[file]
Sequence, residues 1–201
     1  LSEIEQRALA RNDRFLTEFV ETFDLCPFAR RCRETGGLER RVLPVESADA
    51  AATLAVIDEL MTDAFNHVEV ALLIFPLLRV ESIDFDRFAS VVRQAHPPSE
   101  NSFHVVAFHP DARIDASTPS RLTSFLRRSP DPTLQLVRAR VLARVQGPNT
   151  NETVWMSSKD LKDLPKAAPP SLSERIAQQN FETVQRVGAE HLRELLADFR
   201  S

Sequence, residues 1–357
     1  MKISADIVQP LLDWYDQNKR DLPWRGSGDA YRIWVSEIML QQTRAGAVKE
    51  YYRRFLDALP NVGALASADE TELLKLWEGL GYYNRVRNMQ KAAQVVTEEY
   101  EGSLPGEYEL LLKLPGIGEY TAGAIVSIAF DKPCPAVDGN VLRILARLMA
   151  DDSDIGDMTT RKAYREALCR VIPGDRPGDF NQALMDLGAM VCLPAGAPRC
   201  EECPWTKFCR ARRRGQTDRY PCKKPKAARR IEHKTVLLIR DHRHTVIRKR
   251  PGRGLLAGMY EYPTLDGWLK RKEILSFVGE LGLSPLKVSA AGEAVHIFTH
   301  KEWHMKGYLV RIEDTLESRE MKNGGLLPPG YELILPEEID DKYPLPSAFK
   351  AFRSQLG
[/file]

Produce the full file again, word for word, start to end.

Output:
Sequence, residues 1–201
     1  LSEIEQRALA RNDRFLTEFV ETFDLCPFAR RCRETGGLER RVLPVESADA
    51  AATLAVIDEL MTDAFNHVEV ALLIFPLLRV ESIDFDRFAS VVRQAHPPSE
   101  NSFHVVAFHP DARIDASTPS RLTSFLRRSP DPTLQLVRAR VLARVQGPNT
   151  NETVWMSSKD LKDLPKAAPP SLSERIAQQN FETVQRVGAE HLRELLADFR
   201  S

Sequence, residues 1–357
     1  MKISADIVQP LLDWYDQNKR DLPWRGSGDA YRIWVSEIML QQTRAGAVKE
    51  YYRRFLDALP NVGALASADE TELLKLWEGL GYYNRVRNMQ KAAQVVTEEY
   101  EGSLPGEYEL LLKLPGIGEY TAGAIVSIAF DKPCPAVDGN VLRILARLMA
   151  DDSDIGDMTT RKAYREALCR VIPGDRPGDF NQALMDLGAM VCLPAGAPRC
   201  EECPWTKFCR ARRRGQTDRY PCKKPKAARR IEHKTVLLIR DHRHTVIRKR
   251  PGRGLLAGMY EYPTLDGWLK RKEILSFVGE LGLSPLKVSA AGEAVHIFTH
   301  KEWHMKGYLV RIEDTLESRE MKNGGLLPPG YELILPEEID DKYPLPSAFK
   351  AFRSQLG